Understanding Infertility in Women


An estimated 12% of couples in the U.S. struggle with infertility. Learn the basics here – and the most common contributing factors in women.

What is infertility?

Considered a disease of the reproductive system, infertility is defined as the inability to achieve pregnancy after 12 months or more of regular, unprotected sex (or after 6 months if the woman is older than 35).

To best understand infertility, it can be helpful to begin by outlining what is necessary for fertility. In order to conceive, three things are required:

– Sperm. A man must have healthy sperm production and have no functional problems with the delivery of sperm.

– Ovulation. A woman’s ovaries must be able to release an egg.

– Open fallopian tube. A woman must have one fallopian tube open and able to capture the egg and allow sperm to travel from the uterus to the tube, where fertilization occurs.

Infertility is often viewed as a “woman’s problem,” despite the fact that it is equally common in men. According to the U.S. Department of Health and Human Services’ Office on Women’s Health, about one third of infertility cases are caused by a female factor, another one third are caused by a male factor, and the remaining cases are due to a combination of male and female factors or by unknown problems.

What causes infertility in women?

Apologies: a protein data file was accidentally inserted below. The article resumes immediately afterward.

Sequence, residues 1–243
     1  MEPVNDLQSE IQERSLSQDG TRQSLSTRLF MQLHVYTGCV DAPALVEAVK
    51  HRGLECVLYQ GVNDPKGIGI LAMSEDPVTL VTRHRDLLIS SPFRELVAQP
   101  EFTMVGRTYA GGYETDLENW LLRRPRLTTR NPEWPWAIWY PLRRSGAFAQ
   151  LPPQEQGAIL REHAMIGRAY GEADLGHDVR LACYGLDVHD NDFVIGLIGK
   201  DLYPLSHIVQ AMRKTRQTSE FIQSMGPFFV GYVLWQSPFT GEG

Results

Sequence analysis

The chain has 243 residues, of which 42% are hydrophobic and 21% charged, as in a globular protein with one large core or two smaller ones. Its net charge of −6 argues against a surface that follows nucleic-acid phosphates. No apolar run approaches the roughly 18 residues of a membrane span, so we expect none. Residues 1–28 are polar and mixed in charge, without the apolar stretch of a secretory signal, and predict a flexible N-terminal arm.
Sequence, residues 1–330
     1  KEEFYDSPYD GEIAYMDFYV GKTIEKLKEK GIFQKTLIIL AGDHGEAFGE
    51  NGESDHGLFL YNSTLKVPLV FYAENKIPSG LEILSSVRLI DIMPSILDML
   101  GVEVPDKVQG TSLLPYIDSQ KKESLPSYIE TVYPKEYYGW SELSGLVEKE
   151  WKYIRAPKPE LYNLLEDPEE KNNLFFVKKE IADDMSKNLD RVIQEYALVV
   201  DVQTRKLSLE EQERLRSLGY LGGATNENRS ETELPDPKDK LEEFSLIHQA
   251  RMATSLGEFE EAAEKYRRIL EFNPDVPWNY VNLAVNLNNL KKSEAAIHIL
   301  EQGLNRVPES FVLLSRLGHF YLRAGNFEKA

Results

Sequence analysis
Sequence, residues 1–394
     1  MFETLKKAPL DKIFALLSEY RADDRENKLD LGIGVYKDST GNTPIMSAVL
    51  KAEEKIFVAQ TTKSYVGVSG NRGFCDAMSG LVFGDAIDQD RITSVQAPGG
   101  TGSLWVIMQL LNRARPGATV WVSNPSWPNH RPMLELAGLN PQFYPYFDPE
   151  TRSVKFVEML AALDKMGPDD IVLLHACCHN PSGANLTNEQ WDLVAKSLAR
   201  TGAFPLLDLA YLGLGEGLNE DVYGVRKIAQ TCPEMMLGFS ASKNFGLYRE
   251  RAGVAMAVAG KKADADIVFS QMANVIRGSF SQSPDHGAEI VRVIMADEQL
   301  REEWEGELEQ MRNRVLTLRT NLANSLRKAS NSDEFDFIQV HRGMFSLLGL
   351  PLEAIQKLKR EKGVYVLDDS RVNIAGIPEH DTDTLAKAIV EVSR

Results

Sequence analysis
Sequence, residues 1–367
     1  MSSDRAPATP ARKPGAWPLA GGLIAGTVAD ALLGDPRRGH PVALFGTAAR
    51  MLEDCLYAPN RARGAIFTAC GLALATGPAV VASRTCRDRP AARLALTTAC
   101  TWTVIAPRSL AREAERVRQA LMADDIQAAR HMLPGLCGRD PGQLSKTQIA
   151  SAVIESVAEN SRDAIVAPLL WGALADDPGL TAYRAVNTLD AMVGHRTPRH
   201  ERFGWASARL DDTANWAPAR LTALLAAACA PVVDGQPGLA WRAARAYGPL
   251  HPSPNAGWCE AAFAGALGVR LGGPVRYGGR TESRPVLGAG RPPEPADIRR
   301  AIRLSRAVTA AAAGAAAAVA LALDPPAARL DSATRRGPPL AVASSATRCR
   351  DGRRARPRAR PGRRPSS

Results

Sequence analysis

In women, infertility is often influenced by normal age-related changes in the ovaries. A woman is born with all of the eggs she will ever have, and her body will typically use (or ovulate) its best eggs earlier in life. As she ages, both egg count and egg quality decrease. Those remaining are more likely to have hard shells that keep sperm from penetrating, or genetic defects that cause abnormalities in the fertilized eggs, some of which cause miscarriage. Infertility in women can also be tied to problems with ovulation – without ovulation, there are no eggs released to be fertilized. Problems with ovulation may be due to polycystic ovary syndrome (PCOS), a hormonal disorder, or primary ovarian insufficiency (POI), when a woman’s ovaries have premature aging (meaning they stop producing normal amounts of estrogen and releasing eggs regularly) before she reaches age 40. Other risk factors for infertility in women include obesity, blocked fallopian tubes (which can be due to pelvic inflammatory disease or endometriosis), and physical problems with the uterus including fibroids, which are benign muscle tumors, and scar tissue.


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